An example of a truism can be found in the motion That tomorrow is another day hwere the affirmative defines the word 'tomorrow'  as being the day after today, which by definiton is another day-the definition contains its own proof of its truth. anothe example may be on the motion That we should eat, drink and be merry where the affirmative defines the issue of the debate to be whether humans need to eat and drink to survive and whether it is better to be happy than sad. Clearly the approach of the affirmative team prevents the negative team from arguing a rational case. 
 
3. Definitons which time set the debate
Definitons which time set the debate in the past or future are prohibited. For example on the topic That prohibition does not work , it would be prohibited to confine the deabet to the period of prohibition in the US during the 1920s. Certainly prohibition during the 1920s could be used as an argument or example to support the team, however it could not be used as the definitional arbiter of what the debate could and should not include.
 
Similarly, on the topic That genetic engineering should be welcomed and not feared, it would be prohibited for the affirmative team to define the debate to be in the next century where genetic engineering had solved world hunger problems and a myriad of diseases. The definition should place the argument on the day and hour of the actual debate.
 
4. Definitons that place set the debate unfairly
Definitions which place set the deabte unfairly are prohoboted. While the debate can be narrowed to a particular place, situation or organization, it cannot be narrowed down unfairly. Consider the possible definitions on the topic That the state of the union is stuffed. It may be reasonable to define the debate to be about federalism, or the European Union or ASEAN or any other number of national or transnationl unions. It may be reasonable to define the debate to be about the trade union movemnet. Undoubtedly, these debates have been place set, but not unfairly. However, it would be unfair to define the debate to be about federalism in Burkina Faso just because you happened to have written a research paper on it.
 
The interpretation of what constitutes an unfairly place set debate will depend on the venue of the debate, the participants and the audience. A debate in Australia with Australian teams might fairly set the debate in the Australian workplace and whether the trade union movement is dying. The same definiton may not be fair in front of a Japanese audience, with an Australian team on the affirmative and a Malaysian team on the negative. Therefore, teams need to carefully consider the venue, the audience and the participants in the debate before place setting the debate.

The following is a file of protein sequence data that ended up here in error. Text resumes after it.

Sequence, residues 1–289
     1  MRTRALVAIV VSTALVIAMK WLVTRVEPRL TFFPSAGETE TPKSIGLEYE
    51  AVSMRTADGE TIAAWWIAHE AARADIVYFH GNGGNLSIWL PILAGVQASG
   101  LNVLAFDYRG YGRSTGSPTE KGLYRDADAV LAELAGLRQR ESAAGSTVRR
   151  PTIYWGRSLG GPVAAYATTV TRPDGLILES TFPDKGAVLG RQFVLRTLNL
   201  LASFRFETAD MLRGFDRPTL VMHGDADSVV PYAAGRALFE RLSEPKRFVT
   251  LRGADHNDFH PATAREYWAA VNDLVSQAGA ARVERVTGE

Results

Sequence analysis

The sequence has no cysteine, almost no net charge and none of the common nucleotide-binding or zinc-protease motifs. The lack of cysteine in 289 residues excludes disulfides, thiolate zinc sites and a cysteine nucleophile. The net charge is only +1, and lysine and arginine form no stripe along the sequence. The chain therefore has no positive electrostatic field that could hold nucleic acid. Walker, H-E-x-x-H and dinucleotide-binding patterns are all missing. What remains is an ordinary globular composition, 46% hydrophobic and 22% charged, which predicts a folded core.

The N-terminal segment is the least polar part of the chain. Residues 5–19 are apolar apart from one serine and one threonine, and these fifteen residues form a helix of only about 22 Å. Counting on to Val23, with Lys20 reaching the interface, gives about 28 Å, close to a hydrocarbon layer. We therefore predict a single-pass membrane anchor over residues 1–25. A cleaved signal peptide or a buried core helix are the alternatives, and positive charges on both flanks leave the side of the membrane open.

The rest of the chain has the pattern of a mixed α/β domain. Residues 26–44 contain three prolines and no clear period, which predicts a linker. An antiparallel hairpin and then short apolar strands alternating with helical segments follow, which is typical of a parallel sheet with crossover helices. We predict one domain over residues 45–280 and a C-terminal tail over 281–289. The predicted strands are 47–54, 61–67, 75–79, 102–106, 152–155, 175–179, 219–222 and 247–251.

* adapted from the Autralasians Debating Handbook
 
 
 

SPEAKER ROLES:
First affirmative-
a. Defines the motion--identify issues which will be in contention
b. Provide an outline of the team structure--team line--team split
c. Present arguments allocated to first speaker
 
First negative-
a. Identify major areas of initial disagreement with the affirmative case
--rebut the major affirmative agrements.
b.Provide an outline of the team stucture--team line-- team split
c. Present arguments allocated to first speaker
 
Second speakers-
a. Rebut major arguments of previous speaker/s
b. Defend own case against rebuttal by previous speaker/s
c. Present arguments allocated to second speaker
 
Third Speakers-
a. Present an overview of the debate- identify the essential issues upon which the teams disagree-- rebut the important aspects of the opposing team's case-- defend own team's case against attack- summarize own case
 
* To beginners in debaters, speaking for seven minutes while performing these roles may seem daunting. To make the job easier, we prepared a template for each speaker position. A template is like a script. It tells you what to do at each moment in your speech. However, it doesn't tell you exactly what to say-- that depends on the topic. It merely points out the things you should do in your speech in the order that you should do them. Internalize the templates and you will go a long way!
 
1st AFFIRMATIVE
* the set-up: 0:00 to 3:00
1. Define the motion. Then state the issues or competing values as requirements of the motion. Also, affirm the urgency of the debate in 1 or 2 sentences
 
2. State your team line or stance. This simply a statement of what your team wants or believes.
 
3. Give your parameters. If you are proposing something (i.e., legalizing prostitution), you need to describe the proposal by talking about its details and mechanics (i.e., professional licenses to prostitutes, taxes, mandatory health check-ups, etc.) In addition, you could effectively scope the debate by setting it in a place (i.e., Western liberal democracies like the US). If you are debating a value judgment, lay down your criteria or benchmark. It also helps to tell people what the debate is NOT about.
 
4. State your team split: the division of labor (arguments) between 1st and 2nd speakers (i.e., "I as the 1st speakerwill argue that... My partner will talk about...")
 
5. Dictate the opposition should do by showing what their burden is. Challenge them to respond in a certain way (i.e., "What the other side has to do in this debate is to come up with an alternative and show why it's a better than our proposal")
 
* the meat of your speech ( the analysis 3:00 to 6:00)
6. Exhaustively explain and develop your argument/s: Explain exactly what you mean, and why it's important in the debate. Use examples from the past, statistics and facts to back up your arguments. Don't mento\ion examples (name-dropping), explain them in the form of a short story.
 
*Closing (don't take this pary lightly. Use it to your advantage!): last minute
7. Pre-empt and anticipate what the other team is going to say and summarize your main point/s.
 
1st NEGATIVE
* Introduction: 0:00to 1:00
1. In not so may words, recast the case of the 1st aff. and expose its obvious weaknesses, if any. You must also respond to the definition, mentioning whether it is fair and makes a reasonable link to the motion. state your initial areas of disagreement.
 
2. State and outline your case: State your team line. Give your own set of parameters (only if you have a counter-proposal or alternative). Then say your team split.
 
*1:00-3:00
3. Rebuttal: Take down the argument/s odf the PM. But don't take it forever. Rebut only the important points.
 
*3:00 to 6:00
4. Develop your argument/s
 
*last minute
5. Summarize
6. Throw your own burdens and demands to the other side: Capitalize on what they should've done, but haven't or failed at (i.e., "They haven't explained why.. and exactly how...")